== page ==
To be expected, American Horror Story: Roanoke has not only pulled in references from the anthology's past seasons, but it is also doing as those seasons did by drawing from real-life incidents to spice up the storytelling. And while the overall backbone of this season comes from the Lost Colony of Roanoke legends, there was a specific story arc in the second episode that owes its origin to history: the killer nurses.
So not only did the nurses also halfway tie back into Murder House via the Richard Speck homage, among other things, but it also brought a light veil of fictionalization to the tale of serial killers Gwendolyn Graham and Cathy Wood. The exact details behind the case are unknown, and a lot of it is testimonial, but basically Graham and Wood were friends and lovers who used their jobs as nurse aides to commit a string of murders, smothering five elderly patients over the span of a few months. Sound kind of familiar?
To bring it home even more, Cathy Wood claimed they turned their victim-choosing into a game, where the goal was to spell out "M-U-R-D-E-R" with the first letters of their victims' names. Ding ding ding! You'll recall that Cuba Gooding Jr.'s Matt was affected by a vision of the letters that was later explained by Denis O'Hare's bearded doctor. Like the real-life killers, the American Horror Story: Roanoke nurses didn't get to actually finish their goal of spelling the word out. (And there are fan theories out there about the lettering used in the show, too.)
But while the actual women chose to put another theme to their crimes that wasn't as complicated as acronyms, thus leaving it unfinished, that probably isn't how it happened on the show. Graham and Wood eventually split up and moved on with their lives before the cops figured things out and arrested them, and in exchange for a lighter sentence, Wood offered up a lengthy confession that placed her former lover as the real ringleader behind the murders, according to the New York Times. We probably won't get that part of the story in Ryan Murphy's universe, either.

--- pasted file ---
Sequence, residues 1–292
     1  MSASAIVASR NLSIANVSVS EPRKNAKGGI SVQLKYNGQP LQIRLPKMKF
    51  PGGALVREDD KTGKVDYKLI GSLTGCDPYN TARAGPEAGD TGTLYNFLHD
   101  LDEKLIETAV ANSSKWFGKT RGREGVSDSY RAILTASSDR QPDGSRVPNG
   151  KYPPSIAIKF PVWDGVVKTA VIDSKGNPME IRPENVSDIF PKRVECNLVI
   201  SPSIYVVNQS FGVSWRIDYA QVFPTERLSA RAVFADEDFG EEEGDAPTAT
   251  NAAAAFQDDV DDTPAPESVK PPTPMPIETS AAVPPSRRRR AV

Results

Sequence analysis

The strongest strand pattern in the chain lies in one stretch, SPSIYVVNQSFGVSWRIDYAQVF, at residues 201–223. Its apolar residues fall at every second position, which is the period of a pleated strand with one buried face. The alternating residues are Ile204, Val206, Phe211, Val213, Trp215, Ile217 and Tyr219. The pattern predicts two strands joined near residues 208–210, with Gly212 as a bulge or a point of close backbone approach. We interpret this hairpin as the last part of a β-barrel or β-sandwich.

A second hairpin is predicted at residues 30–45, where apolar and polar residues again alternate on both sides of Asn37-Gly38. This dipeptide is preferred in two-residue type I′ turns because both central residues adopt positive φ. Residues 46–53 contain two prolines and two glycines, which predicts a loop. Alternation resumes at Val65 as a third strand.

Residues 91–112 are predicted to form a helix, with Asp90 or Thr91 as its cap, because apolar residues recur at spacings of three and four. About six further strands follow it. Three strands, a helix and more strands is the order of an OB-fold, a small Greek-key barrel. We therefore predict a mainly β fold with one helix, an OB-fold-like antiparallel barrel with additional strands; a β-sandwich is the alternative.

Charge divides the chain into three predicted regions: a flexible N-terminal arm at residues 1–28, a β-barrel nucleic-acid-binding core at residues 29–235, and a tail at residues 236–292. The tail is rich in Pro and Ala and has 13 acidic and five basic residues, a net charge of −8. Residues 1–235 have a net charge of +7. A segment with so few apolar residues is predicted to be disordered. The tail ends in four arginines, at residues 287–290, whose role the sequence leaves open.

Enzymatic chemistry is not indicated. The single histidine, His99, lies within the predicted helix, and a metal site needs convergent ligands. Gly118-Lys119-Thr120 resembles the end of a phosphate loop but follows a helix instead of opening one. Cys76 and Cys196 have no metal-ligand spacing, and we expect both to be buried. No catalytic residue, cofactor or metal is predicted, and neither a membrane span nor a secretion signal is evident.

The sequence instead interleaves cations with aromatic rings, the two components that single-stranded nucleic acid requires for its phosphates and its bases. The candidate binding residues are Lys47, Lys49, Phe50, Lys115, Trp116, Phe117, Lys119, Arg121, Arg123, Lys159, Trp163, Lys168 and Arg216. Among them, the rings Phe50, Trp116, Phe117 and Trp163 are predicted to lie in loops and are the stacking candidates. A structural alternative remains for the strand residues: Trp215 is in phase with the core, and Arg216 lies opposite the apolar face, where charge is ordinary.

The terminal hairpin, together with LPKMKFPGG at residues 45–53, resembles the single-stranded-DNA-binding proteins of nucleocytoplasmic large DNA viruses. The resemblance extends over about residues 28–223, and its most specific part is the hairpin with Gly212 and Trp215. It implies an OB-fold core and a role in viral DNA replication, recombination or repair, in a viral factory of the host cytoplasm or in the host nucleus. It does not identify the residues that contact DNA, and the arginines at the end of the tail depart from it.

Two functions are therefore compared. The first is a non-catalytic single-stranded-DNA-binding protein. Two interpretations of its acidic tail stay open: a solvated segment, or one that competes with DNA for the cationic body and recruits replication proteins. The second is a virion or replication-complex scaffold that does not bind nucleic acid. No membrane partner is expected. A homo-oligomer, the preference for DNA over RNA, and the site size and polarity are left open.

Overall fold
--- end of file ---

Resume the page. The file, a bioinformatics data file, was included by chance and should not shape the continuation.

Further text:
American Horror Story has gone all over the place with its real-life references in the past. Remember when Murder House gave us the murder of Sal Mineo? That was weird. And many of Freak Show's elements and characters were based on sideshows of the past. Not to mention Madame LaLaurie, Marie Laveau, Elizabeth Short, the Axeman and all of the serial killers at Mr. March's Halloween dinner in Hotel. Are more true stories on the way? You betcha.
With many of its secrets still intact, American Horror Story: Roanoke airs Wednesday nights on FX. Make sure all of your own healthcare professionals are on the up and up and head to our fall premiere schedule to see what else is coming to your televisions later this year.
Nick is a Cajun Country native, and is often asked why he doesn't sound like that's the case. His love for his wife and daughters is almost equaled by his love of gasp-for-breath laughter and gasp-for-breath horror. A lifetime spent in the vicinity of a television screen led to his current dream job, as well as his knowledge of too many TV themes and ad jingles.
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